Edward Gilbert was an orphan at an early age in his home town of Cherry Valley in upstate New York. As a child he was put into a printing office to learn a trade and ensure him a means of making a living. In the early 1840s, when Gilbert was a young man in his 20s, his life seemed set before him: He would be a poor, honest printer in a sleepy New York hamlet.
But Gilbert was not the common man — he didn’t stop when personal security allowed a stop. He moved on to a larger town, Albany, N.Y., and a better position. associate editor of the Albany Argus, an important New York newspaper. Again Gilbert could have stopped and remained at the quite comfortable place as a respected editor, but he didn’t.
In reaction to the war with Mexico, Gilbert raised a volunteer company in spring 1846. His company later joined the 1st regiment of New York under Col. J. D. Stevenson, and Gilbert was given second command and the rank of lieutenant. To Gilbert’s disappointment his regiment never saw battle in the war but was instead shipped to San Francisco, arriving in March 1847. Gilbert performed most of the duties of the customs collector.
During the summer of 1847 Gilbert took a census of San Francisco. At that time there were 459 residents divided into 247 white men, 128 white women, 34 Indians, 40 Sandwich Islanders and 10 Negroes. What is significant about this census are the predictions he made in it. Explaining the census in an article in the California Star newspaper, Aug. 28, 1847, Gilbert spoke out against a school of thought that believed Monterey would soon be Northern California’s largest seaport city. “San Francisco is destined to become the great commercial emporium of the Northern Pacific coast. With the advantage of so fine a harbor and the enterprise of so hardy and intelligent a race of pioneers, it can scarcely be otherwise.”
San Francisco’s only newspaper at this time (late 1848) The Star and Californian, was owned by a man also from upstate New York, Edward Kemble. Knowing of Gilbert’s past accomplishments as associate editor of the Argus (and perhaps knowing him personally), Kemble invited Gilbert, when he was released from the Army, to buy into the paper and take the title of senior editor. He accepted, on condition that a good friend, G.O. Hubbard, a printer from New York, become a third owner of the paper. Kemble acquiesced.
Gilbert’s first act as senior editor was to change the name of the paper to the Alta California and make it entirely new in typographical style and size. These innovations were typical of Gilbert’s four-year career as senior editor. His hand was ubiquitous in forming and perfecting every aspect of San Francisco’s new and popular newspaper, which rapidly grew from a weekly to tri-weekly in December of 1849 and to a daily in January 1950.
As Kemble explains in his widely acclaimed book, A History of California Newspapers, 1846-1858, “The leading editorials were written by Gilbert.” As an example of the spirit Gilbert tried to infuse into the Alta are the following comments he made the first day the paper appeared:
This press will be independent of all parties, cliques and persons. The cause which it will assert is the cause of California — the interests which it will endeavor to advance are the interests of California, and the right which it will lend its aid to establish and preserve are the rights of the citizens of California ...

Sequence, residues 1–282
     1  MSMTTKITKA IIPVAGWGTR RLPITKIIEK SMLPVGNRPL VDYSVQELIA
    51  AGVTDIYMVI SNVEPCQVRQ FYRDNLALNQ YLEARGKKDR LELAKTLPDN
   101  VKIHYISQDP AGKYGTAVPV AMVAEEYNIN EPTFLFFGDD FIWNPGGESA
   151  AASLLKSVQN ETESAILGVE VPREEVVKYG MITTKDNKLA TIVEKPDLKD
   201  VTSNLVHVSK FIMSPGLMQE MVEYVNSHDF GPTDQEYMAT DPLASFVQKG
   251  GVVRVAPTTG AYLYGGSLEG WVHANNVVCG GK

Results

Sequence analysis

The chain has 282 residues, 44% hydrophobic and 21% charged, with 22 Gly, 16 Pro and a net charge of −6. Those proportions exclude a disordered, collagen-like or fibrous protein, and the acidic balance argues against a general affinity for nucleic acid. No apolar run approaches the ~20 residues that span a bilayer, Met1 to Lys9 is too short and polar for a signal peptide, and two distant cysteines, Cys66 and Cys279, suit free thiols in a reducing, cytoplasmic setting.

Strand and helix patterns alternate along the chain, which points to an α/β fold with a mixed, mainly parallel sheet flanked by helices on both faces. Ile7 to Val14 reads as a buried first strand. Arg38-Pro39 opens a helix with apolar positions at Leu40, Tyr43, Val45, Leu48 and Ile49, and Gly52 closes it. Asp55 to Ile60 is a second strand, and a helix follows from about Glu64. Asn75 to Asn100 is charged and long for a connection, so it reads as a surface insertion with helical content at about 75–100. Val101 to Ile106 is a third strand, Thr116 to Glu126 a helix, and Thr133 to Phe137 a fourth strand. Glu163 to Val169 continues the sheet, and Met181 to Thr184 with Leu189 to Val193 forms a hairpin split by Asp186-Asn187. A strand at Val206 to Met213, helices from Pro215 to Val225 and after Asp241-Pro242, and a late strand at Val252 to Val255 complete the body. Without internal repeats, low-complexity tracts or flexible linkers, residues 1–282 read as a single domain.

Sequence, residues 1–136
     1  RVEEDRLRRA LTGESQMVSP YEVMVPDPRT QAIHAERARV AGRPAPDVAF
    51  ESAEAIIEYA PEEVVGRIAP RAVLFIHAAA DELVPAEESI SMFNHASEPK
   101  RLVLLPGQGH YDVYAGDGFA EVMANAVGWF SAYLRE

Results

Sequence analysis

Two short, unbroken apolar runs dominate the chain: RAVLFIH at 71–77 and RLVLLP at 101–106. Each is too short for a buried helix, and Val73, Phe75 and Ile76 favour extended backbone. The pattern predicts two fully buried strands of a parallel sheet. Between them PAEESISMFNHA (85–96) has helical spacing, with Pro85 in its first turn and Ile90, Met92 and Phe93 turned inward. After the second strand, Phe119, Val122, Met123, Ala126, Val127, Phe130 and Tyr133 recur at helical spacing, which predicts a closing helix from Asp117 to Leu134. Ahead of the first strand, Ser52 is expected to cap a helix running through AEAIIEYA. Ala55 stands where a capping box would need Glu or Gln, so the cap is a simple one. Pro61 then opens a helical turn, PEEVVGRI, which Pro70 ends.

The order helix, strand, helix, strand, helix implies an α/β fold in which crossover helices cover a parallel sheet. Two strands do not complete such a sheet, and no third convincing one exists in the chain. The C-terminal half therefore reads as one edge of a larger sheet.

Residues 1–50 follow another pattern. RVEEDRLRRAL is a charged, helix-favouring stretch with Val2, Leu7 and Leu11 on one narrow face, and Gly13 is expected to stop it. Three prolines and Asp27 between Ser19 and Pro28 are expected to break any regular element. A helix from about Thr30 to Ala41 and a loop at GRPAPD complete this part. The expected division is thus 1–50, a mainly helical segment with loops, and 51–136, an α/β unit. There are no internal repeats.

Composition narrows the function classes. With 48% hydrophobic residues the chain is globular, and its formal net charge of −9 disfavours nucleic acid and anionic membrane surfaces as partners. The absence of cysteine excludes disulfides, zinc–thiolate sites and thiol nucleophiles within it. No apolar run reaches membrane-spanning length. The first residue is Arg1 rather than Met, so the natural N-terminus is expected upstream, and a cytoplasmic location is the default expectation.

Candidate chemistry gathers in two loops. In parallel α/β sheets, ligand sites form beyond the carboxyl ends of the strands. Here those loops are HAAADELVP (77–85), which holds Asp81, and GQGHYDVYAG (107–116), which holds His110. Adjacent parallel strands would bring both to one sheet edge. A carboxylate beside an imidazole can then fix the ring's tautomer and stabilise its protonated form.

The unenviable position which this sheet at present occupies, of being the only paper printed in California, renders it imperatively necessary, were there no higher considerations, that it should be independent and fair. The publishers are fully sensible that unless such is the course it can accomplish but little in any cause, and nothing in a country so peculiarly situated as this.
Kemble wrote: “The Alta California remained true to its independent convictions, although its publishers were all Democrats, and in the political changes which took place in the territory and in the organization of the parties they did not want tempting offers and inducements to conform to the practice of their newspaper to their political faith as individuals. It entered earnestly into the work of forming a Provisional Government, and as zealously into the reform of municipal matters in San Francisco. The stand taken by the papers against high-handed acts of the military authorities and the town officers appointed and sustained by Gen. Smith and Col. Mason, was warmly seconded by the people, and it would be difficult to conceive of closer knit sympathies between the public and newspaper than those enjoyed by the Alta California in 1849. It was emphatically the people’s organ, and its crowded business columns gave token to their hearty admiration.”
True to the independent nature of the paper and its editors is the editorial by Gilbert on July 27, 1852. A Democrat himself, Gilbert compared the recently adopted platforms of the Whigs and the Democrats and found the most fault in the platform of his own party:
One of the great arguments in favor of parties is that through their institution the elections of the State turn entirely upon principles and not upon men; but the Democrats’ platform avoided answering questions and laying down principles.